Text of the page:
It’s a way to pay for purchases without entering a PIN number or signing a receipt.

They’re credit cards with embedded with a chip that allows transactions to be completed just by tapping on a terminal.

It’s convenient for consumers, but according to some security experts, it can be a target for electronic pickpockets as well.

It’s called a RFID or Radio Wave Frequency ID chip and works with radio frequencies.

Visa cardholder Ken Miller says his card doesn’t have one now, but once it expires, his new one will.

He’s concerned about the technology considering his wife and daughter were both victims of identity theft.

“It’s not secure, and I am not happy that they’re giving me something I don’t want,” says Miller.

Michael Legary, chief strategy officer with Seccuris Inc., says the radio frequencies make it easier for hackers to access your information remotely.

“With an hour or two of effort someone can download an application that can read full credit card information and use it whenever they want,” he says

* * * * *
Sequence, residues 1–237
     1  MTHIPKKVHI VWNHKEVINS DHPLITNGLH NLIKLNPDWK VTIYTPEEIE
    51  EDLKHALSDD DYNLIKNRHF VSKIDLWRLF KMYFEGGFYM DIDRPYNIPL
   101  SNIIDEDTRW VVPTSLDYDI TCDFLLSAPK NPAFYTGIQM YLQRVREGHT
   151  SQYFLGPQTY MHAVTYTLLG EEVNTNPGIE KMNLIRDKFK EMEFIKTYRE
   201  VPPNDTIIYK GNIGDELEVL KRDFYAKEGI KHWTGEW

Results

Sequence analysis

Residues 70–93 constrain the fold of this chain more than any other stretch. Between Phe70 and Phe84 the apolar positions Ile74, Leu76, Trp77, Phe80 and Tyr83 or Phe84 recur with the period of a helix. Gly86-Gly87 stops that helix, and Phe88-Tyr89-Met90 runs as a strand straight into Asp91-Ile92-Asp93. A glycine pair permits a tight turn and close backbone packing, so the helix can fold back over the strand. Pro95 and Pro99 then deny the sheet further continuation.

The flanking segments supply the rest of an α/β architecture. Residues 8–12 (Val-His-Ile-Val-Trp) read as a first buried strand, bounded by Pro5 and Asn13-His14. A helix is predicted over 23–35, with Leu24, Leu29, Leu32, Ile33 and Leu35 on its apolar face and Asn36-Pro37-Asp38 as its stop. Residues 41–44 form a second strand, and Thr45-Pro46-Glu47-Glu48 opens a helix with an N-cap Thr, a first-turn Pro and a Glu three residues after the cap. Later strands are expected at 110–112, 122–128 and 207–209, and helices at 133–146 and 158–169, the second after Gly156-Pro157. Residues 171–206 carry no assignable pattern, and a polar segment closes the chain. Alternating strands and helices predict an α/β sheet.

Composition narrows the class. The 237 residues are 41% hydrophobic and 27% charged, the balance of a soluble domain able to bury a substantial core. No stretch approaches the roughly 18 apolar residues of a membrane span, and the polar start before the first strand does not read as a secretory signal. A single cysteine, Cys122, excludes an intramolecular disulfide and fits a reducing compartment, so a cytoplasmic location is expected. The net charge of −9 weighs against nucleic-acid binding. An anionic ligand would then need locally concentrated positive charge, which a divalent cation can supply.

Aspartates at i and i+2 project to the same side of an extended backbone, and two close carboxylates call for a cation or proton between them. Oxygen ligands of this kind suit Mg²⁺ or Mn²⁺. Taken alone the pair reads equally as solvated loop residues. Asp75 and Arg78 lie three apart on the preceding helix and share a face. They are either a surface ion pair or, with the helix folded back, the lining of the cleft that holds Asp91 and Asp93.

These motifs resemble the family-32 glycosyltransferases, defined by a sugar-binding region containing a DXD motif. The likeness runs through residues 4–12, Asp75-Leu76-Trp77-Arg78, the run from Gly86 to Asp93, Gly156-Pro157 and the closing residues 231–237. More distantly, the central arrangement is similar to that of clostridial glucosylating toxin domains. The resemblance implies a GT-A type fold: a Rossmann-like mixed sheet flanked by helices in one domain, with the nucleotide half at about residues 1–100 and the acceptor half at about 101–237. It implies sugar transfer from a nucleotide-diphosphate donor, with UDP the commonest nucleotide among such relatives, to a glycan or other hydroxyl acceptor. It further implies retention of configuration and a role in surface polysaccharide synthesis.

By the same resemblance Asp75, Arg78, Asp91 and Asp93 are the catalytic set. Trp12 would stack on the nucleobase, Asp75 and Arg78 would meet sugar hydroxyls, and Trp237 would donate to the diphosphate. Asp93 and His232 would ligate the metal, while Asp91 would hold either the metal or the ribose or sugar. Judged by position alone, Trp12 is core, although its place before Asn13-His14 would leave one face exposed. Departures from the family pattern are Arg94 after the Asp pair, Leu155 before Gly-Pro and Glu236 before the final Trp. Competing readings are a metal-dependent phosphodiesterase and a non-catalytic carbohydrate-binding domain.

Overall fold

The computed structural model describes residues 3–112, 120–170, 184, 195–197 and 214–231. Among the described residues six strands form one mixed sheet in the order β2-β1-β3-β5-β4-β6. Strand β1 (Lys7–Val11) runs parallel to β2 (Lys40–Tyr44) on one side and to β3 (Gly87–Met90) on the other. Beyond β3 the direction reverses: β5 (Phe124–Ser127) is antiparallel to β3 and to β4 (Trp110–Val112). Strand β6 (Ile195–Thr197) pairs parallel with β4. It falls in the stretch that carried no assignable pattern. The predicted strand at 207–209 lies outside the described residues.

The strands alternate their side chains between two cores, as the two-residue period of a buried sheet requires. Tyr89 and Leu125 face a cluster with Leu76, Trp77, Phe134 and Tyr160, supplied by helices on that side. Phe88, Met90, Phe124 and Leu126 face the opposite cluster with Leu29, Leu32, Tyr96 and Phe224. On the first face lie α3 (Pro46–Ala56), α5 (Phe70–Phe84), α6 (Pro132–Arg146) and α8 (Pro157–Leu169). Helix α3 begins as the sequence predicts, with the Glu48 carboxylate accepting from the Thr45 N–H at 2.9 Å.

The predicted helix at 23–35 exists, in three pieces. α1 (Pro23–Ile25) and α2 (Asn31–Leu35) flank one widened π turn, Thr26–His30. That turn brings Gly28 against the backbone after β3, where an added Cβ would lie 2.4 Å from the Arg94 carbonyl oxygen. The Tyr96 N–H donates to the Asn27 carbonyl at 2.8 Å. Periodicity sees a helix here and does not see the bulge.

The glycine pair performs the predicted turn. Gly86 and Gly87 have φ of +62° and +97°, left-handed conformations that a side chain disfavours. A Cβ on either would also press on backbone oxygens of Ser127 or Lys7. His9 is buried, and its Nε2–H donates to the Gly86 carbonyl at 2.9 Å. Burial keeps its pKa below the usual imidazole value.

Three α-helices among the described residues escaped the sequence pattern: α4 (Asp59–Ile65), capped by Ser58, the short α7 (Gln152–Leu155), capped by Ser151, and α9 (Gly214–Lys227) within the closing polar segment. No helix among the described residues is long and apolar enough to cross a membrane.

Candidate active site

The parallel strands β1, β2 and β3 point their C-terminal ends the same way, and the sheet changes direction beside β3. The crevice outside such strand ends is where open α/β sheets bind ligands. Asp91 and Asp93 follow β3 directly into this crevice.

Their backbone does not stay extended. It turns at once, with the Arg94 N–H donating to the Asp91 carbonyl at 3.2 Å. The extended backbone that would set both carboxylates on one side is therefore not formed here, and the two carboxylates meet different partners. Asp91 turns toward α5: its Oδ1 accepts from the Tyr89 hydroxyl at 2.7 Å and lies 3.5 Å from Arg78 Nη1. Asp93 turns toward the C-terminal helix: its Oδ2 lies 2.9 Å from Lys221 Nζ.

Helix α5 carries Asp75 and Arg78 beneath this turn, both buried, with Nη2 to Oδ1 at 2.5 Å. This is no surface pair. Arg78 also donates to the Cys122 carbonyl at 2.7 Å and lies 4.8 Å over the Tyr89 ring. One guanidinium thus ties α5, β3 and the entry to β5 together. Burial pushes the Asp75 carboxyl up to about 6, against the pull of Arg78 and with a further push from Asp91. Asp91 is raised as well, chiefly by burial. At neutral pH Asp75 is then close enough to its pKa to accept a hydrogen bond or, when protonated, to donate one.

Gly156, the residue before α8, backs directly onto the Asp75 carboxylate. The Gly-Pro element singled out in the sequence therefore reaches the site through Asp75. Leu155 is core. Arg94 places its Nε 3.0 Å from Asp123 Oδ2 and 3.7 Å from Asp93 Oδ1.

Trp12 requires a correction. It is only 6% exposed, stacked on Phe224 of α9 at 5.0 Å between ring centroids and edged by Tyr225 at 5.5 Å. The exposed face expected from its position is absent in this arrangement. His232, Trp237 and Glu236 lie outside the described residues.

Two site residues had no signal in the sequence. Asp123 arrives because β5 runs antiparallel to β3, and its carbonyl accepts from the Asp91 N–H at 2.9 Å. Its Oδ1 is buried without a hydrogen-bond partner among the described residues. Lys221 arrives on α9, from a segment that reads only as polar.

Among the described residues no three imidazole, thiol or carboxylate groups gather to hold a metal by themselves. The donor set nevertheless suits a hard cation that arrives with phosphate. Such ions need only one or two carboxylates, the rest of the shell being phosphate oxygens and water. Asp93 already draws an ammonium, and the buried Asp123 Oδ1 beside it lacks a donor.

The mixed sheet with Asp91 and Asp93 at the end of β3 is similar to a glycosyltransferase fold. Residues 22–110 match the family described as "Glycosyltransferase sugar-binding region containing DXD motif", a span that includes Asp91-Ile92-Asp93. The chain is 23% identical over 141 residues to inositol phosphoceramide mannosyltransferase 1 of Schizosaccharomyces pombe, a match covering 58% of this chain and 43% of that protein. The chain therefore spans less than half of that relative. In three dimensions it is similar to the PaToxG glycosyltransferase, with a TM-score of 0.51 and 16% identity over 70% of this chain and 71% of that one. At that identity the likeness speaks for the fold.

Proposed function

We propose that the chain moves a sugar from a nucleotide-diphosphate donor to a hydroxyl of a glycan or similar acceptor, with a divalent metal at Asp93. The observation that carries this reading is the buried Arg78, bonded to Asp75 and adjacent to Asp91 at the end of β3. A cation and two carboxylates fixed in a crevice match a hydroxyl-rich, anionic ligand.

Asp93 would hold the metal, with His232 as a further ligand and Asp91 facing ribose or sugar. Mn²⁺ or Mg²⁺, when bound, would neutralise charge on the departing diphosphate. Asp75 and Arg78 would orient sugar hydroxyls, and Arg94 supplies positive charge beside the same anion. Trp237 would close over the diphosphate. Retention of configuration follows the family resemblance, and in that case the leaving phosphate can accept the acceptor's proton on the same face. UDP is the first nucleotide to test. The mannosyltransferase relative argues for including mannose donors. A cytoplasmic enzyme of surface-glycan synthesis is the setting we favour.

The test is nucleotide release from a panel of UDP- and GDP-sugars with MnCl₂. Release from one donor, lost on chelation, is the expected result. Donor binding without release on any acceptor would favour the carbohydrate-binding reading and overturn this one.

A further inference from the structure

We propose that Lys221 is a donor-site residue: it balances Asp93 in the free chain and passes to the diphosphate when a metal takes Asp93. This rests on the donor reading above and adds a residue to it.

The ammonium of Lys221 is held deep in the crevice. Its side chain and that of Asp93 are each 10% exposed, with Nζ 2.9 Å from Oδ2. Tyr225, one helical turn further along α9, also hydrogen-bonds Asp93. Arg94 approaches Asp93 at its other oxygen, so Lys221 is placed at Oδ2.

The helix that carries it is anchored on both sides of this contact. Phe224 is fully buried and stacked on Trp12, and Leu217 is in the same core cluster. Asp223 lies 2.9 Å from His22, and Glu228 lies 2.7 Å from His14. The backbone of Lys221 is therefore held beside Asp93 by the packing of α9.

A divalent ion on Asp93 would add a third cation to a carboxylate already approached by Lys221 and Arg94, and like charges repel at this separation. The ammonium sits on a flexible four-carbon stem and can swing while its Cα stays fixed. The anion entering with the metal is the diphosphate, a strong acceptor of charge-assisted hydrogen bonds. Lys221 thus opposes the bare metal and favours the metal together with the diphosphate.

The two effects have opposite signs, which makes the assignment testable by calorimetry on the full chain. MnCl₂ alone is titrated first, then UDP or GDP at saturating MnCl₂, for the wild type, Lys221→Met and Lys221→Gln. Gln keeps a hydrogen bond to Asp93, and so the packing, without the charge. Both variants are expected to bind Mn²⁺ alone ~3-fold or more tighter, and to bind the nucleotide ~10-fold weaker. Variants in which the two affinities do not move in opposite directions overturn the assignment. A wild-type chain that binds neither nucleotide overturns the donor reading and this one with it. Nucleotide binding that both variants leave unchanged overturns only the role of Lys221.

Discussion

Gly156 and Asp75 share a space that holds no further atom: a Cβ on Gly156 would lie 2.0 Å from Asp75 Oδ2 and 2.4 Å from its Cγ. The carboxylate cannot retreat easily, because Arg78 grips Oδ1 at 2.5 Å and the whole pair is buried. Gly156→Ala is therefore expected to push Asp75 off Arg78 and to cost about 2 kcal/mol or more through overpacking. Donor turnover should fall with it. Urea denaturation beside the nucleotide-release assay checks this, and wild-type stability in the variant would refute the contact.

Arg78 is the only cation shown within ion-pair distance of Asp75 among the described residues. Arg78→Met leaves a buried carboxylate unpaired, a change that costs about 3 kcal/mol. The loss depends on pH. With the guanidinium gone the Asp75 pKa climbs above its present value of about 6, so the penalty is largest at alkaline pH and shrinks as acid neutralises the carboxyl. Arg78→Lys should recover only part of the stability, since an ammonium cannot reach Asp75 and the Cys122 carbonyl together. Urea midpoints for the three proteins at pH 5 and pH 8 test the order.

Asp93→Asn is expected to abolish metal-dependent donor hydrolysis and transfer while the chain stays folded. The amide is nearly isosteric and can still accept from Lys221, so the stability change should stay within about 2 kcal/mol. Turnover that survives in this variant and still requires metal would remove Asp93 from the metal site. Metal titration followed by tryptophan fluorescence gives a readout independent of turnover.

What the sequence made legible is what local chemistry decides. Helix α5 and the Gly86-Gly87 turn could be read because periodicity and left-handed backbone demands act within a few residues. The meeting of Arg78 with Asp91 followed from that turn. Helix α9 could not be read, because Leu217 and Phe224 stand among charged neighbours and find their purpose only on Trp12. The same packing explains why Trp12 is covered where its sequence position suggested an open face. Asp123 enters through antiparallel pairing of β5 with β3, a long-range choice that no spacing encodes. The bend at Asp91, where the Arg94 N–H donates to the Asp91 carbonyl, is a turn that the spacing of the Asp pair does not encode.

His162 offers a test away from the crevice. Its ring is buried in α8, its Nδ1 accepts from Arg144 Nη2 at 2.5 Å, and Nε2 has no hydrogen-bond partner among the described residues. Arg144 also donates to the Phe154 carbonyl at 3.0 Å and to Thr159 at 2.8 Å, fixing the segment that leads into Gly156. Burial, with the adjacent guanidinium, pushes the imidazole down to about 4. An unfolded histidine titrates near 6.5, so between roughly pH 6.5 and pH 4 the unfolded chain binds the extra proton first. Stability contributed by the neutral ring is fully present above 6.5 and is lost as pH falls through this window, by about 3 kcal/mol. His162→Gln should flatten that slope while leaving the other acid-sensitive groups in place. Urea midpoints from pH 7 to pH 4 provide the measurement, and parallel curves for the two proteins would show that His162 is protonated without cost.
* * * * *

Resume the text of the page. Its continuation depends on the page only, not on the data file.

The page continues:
Legary put his theory to test and used software downloaded to his smartphone and was able to read information such as the name, expiry date and credit card number from two people just by holding the phone near their wallets.

Sherisse Bryson says she didn’t even know her credit card had the chip.

“I didn’t expect it to be not secure like that,” Bryson says. “It’s scary.”

Visa, MasterCard and American Express all offer versions of the technology and say the chip is designed so a hacker could only use the information for a single transaction, which is capped at low dollar amounts.

The companies also say cardholders are protected under a zero-liability policy, which reimburses them for any unauthorized purchases. Visa Canada also says it hasn’t received any complaints of fraud due to the chips.

Still, Legary says there are ways around that such as sending the stolen information to multiple cellphones.

“Even though there are security measures in place, attackers have figured out ways to bypass them,” says Legary.

But there are ways to protect the cards. Retailers such as U.N. Luggage in Winnipeg sell wallets and sleeves lined with foil or steel making the chips unreadable.

Ken Miller says banks should offer consumers the choice about whether they want the chip in their cards or not.

“I don’t want to go through losing a card or someone taking my information,” says Miller. “It’s not secure.”